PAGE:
(3 / 5)
It’s the end of the world as we know it. At least for the film industry.
Steven Spielberg and George Lucas recently gave a talk at the USC School of Cinematic Arts where they discussed what they think’s in store for the future of the medium. They suggest the recent spate of hundred-million-dollar flops – more John Carters, more Battleships – will force distributers to drive up the price of tickets, making visiting the cinema more akin to attending a Broadway or West End show. Less than ideal for those who, like me, are unemployed and have a blog to keep updated.
Given that Spielberg and Lucas basically invented the blockbuster between them (Jaws followed by the original Star Wars trilogy), they’re certainly something of an authority on the matter, though they may have failed to account for the impact of the online market.
Even so, World War Z initially bore all the hallmarks of a giant disaster in the making. Half a decade’s pre-development? Check. Huge budget overshoot? Check. Last-minute rewrites? Delayed release? Fan-based controversy? Check. Check. Check.
In the case of the latter concern, setting the film during the zombie crisis as opposed to after it, as in the case of Max Brooks’ original novel, made a lot of people wonder, myself include, as to the point of adapting World War Z at all. The novel takes place ten years after the pandemic and detail how society has responded in the wake of near-extinction, e.g. the alteration of US troop tactics following the failure of their traditional “shock and awe”. Without trying capture this aspect of the novel – described as an alternate history in the mode of Studs Terkel – the question became why bother? Anything else would be just another zombie film.
While Marc Forster’s World War Z is in many aspects “just another zombie film”, it succeeds in capturing something no previous entry in the canon has: what a zombie infestation would mean on a global scale. It’s this world building that sets Forster’s adaptation apart from the rest of the brain-ravening pack.
The set up, that of former UN investigator Gerry Lane who is forced back into the field to uncover the source of the devastating virus, is mostly an excuse for an exercise in jet-setting, as Gerry rushes from one toppling culture to another in search of answers, as well as giving forty-nine year-old star Brad Pitt what could be his last chance at his own action franchise. Gerry is an every-man trying to do right by his family. Pitt doesn’t so much occupy the role as ride along in it, but he’s a more-than capable actor and Gerry makes for a likeable, sympathetic protagonist.
With him we witness chaos on the streets of Philadelphia as commuters are chased down and brutally infected by the leonine undead, the plight of American soldiers on an isolated army base in South Korea, the siege of Jerusalem, and, perhaps somewhat anticlimactically, the search for a cure in rural Wales. All of this is accompanied by a vast number of civilian deaths with Gerry and his companions of the moment fleeing through foreign streets. Stylistically, it’s very much a thinking man’s Roland Emmerich.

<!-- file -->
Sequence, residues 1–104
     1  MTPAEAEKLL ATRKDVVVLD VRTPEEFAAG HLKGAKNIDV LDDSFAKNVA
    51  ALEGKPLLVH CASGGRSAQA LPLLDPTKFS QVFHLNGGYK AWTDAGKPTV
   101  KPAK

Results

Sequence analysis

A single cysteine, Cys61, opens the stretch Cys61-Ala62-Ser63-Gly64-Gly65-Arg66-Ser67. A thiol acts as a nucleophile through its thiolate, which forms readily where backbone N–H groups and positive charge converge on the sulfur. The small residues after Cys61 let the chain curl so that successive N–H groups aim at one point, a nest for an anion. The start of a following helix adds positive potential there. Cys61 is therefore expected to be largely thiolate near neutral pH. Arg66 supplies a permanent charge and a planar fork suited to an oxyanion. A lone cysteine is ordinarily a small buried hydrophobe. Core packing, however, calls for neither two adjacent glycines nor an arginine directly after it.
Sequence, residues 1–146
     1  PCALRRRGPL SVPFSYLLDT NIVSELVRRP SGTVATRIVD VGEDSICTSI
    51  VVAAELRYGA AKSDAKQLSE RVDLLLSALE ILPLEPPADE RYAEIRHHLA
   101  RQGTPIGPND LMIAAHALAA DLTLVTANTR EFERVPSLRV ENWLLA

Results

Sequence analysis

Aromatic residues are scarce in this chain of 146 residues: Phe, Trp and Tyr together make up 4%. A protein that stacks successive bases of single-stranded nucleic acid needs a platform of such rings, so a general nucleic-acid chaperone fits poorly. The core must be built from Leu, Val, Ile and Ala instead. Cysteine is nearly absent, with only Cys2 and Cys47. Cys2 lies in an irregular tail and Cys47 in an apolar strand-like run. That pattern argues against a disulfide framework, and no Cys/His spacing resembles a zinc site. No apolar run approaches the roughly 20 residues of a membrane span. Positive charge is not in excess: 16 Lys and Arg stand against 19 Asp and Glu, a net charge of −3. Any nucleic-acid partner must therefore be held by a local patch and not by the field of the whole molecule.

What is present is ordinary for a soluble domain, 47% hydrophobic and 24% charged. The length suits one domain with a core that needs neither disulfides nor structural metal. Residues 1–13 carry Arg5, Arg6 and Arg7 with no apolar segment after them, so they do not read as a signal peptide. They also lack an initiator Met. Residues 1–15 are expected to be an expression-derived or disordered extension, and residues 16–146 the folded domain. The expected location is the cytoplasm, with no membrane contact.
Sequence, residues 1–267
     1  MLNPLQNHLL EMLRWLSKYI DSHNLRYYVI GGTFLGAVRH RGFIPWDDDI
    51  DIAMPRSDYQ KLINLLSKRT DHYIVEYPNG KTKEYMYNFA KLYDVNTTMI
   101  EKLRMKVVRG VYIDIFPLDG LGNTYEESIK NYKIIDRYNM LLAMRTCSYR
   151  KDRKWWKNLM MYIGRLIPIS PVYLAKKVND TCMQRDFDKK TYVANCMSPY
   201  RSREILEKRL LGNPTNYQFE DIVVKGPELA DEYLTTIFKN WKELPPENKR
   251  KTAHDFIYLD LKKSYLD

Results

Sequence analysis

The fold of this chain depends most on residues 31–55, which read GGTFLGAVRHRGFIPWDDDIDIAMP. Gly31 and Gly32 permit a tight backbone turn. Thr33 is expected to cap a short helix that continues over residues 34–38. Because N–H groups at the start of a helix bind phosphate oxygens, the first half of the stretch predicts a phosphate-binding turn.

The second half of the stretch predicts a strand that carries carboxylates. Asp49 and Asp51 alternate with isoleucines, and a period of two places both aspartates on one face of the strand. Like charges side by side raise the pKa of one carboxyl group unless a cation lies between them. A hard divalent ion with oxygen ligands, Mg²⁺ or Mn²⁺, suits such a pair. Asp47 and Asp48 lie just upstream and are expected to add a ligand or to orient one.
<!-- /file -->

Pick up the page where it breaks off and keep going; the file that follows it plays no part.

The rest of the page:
While Gerry’s wife Karin, played by Mireille Enos of AMC’s The Killing, is quickly reduced to motivation for Gerry, the voice at the end of the phone, other actors are better served by more marginal roles. David Morse is memorable in essentially a cameo as a toothless, demented CIA operative while a haunted Daniella Kertesz and gung-ho James Badge Dale (last seen as a top-ranking henchman in Iron Man 3) play two soldiers from very different backgrounds. Peter Capaldi and Ruth Negga, however, are sadly wasted as a nameless scientists.
The film’s “realistic” treatment of zombies is intriguing with the virus that creates them at one point being compared to Spanish flu. Reduced to animalistic plague carriers, these zombies swarm en masse in their thousands, tumbling over each other, scaling walls as mountains of flesh. Their behavior is reminiscent of ants, hive-like. It’s an interesting take on the monster du jour (that or sexy vampires), one that helps you appreciate the pace with which they’ve laid civilization to ruin.
World War Z endeavors to be genuine, to be gritty, dwelling on the physical reality of what it must be like to live through the zombie apocalypse. A desperate trip to the pharmacy for the Lane family places them among their fellow looters, and rapists, with a nearby police officer too busy filling his own basket to help. It might not possess the all-encompassing detail of Brook’s novel, but it’s more a portrait than the snapshot offered even by The Walking Dead.
I’m gonna take a little time to talk about the final act given it was this section of the film that held up its release. When Damon Lindelof (of Prometheus fame/notoriety) was bought in to carry out rewrites, I lost a lot of faith in the likelihood of World War Z managing to tell a comprehensive story. Then Lindelof went and Drew “Cloverfield” Goddard entered the picture, making me at least a little more hopeful. So, how did it end up?
Given that this is a mostly spoiler-free review, I’ll leave it at “mostly satisfyingly”. After some fairly epic sequences of cities falling that the stakes should be brought down to such a human level, making it once more about Gerry, his survival, his sacrifice, is strangely refreshing. The solution, while strongly telegraphed, is clever and worthy of Brooks’ novel.
Despite some substantial reservations, I really enjoyed World War Z. A dynamic if less-than-faithful adaptation, ambitious if conventional diehard fans of Brooks’ novel may be irked by the loss of detail, but the film is nevertheless a persuasive bit of world-building. While it’s not the absolute classic it might have been, it steers well clear of I Am Legend territory, and kept me, if not quite on the edge of my seat then far enough forward that my legs were sort of dangle-y.
It’s even made me rejudge my praise of Man of Steel…